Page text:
We’d been hunting the same cattle killing hyenas-a pair of them-every night back-to-back for three weeks and Tracker and I were starting to resemble drugged zombies. Not to mention our patience was wearing thin to the point of being as brittle as spider silk-spider silk not produced by Golden Orbs(those things weave webs of steel)-and all around we were pretty run down.


I decided, after so many nights of sitting on kills that the culprits just wouldn’t come back to, that we should have a break. Just a week or so to recollect ourselves-maybe sleep-but, on the very day we were meant to start this, we were told of another cow that had been killed, and despite our resolve, we were clearly suckers for punishment, so back we went.

Pop-up-blind in place, sticks set, chairs up, lane cleared and in we go. I won’t lie, my expectations were at zero. I was fully expecting to spend another night trying to keep myself awake for hyenas that just wouldn’t come in, but that was not to be.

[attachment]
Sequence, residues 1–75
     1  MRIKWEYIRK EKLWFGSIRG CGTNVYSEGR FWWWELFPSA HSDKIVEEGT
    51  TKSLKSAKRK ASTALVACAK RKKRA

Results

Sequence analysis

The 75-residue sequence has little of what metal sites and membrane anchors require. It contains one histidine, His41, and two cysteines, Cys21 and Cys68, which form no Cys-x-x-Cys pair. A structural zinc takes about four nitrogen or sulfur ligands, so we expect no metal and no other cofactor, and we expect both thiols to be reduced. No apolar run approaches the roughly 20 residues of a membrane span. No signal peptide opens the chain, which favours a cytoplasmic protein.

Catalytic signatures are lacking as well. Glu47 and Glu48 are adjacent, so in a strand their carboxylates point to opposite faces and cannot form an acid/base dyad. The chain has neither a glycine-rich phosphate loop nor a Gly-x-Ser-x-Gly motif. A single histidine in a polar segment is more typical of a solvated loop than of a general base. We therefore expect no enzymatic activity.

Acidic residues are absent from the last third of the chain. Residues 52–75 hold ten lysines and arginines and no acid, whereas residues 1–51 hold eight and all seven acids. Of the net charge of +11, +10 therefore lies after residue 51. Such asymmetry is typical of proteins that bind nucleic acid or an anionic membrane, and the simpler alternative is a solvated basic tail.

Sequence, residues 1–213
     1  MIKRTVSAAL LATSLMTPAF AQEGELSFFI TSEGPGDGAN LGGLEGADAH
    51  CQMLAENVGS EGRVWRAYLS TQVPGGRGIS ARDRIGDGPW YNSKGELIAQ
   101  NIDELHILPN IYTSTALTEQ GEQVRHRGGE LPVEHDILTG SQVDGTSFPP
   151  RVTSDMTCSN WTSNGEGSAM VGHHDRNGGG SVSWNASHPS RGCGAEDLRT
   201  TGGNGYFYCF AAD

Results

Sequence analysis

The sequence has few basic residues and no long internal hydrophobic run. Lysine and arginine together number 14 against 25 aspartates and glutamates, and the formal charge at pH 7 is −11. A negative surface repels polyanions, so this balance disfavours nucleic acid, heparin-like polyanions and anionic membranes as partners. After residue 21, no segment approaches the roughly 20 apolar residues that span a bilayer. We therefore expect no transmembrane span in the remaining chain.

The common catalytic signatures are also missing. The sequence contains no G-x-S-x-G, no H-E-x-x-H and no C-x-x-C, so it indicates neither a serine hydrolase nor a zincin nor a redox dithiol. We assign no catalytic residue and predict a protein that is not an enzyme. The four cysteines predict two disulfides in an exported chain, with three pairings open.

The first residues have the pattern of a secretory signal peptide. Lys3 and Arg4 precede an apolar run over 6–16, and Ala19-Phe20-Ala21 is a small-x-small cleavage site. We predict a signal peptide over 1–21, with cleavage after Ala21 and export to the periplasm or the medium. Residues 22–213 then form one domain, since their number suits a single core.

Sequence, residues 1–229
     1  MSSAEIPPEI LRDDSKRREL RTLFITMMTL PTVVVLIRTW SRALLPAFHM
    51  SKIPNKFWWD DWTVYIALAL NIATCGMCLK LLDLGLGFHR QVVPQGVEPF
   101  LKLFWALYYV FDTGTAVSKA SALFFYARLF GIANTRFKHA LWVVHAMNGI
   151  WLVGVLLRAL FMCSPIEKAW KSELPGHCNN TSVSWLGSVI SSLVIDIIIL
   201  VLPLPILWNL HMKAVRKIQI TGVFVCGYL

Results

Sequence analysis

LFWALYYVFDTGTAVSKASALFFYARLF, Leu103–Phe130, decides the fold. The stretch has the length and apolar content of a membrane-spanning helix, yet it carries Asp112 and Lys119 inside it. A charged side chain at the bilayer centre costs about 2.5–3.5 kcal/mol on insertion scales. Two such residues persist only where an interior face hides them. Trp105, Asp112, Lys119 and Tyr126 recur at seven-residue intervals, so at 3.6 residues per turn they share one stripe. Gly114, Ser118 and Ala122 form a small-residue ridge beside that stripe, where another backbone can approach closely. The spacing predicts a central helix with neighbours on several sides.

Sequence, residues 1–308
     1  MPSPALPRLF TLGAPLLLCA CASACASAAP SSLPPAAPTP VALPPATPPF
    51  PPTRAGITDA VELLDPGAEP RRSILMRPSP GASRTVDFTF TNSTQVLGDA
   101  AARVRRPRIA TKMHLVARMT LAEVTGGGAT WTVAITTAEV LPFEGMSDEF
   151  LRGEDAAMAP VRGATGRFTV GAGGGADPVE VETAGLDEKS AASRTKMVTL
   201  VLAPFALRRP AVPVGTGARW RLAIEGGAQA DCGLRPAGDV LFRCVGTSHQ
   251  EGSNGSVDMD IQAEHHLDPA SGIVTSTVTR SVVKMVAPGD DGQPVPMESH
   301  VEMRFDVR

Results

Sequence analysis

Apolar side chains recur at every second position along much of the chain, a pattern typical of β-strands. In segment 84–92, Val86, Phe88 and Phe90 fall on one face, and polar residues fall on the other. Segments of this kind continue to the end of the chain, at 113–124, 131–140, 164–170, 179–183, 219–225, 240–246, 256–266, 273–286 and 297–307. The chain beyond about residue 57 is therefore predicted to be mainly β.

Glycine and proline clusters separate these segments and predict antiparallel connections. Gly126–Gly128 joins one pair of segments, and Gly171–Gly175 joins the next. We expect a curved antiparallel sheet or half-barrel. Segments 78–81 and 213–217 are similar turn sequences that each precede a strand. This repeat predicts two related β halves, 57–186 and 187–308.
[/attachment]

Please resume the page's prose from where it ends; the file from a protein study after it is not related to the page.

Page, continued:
It was some time past nine when we heard the first whoops. An hour later, they called again, closer. Part of me was hopeful, but part of me was quite content to doze off on the impression that we would once again have no action.


I know, I had slipped into despondency, but seriously…..I had not slept in weeks. I was basically a husk of existence.


And then, the light sound of crunching bone. I barely registered it in my dozed off state, but Prosper gave me a firm tap, waking me, and so I leaned forward to the sound of more crunching, flicking on my thermal, and there. They. Were.


Those two hyenas, glowing black in the thermal attachment on my .243’s scope-because .243 was my hyena weapon of death-were some of the most beautiful things I’ve ever seen.

There was one on either side of the cow, and when the one feeding on the opposite side raised its head, I planted a bullet in its chest, dropping it where it stood.


Its friend bolted, and I reloaded, searching for what I hoped would be a chance to shoot its pal, and thinking I saw it, let loose another round. Was that a hyena or just an unfortunate shaped tree? I’ll never know, but, either way, my second bullet roused the one remaining hyena from wherever it was and I saw it loping away, and planted, by God’s grace alone considering its pace, a bullet in its ribs.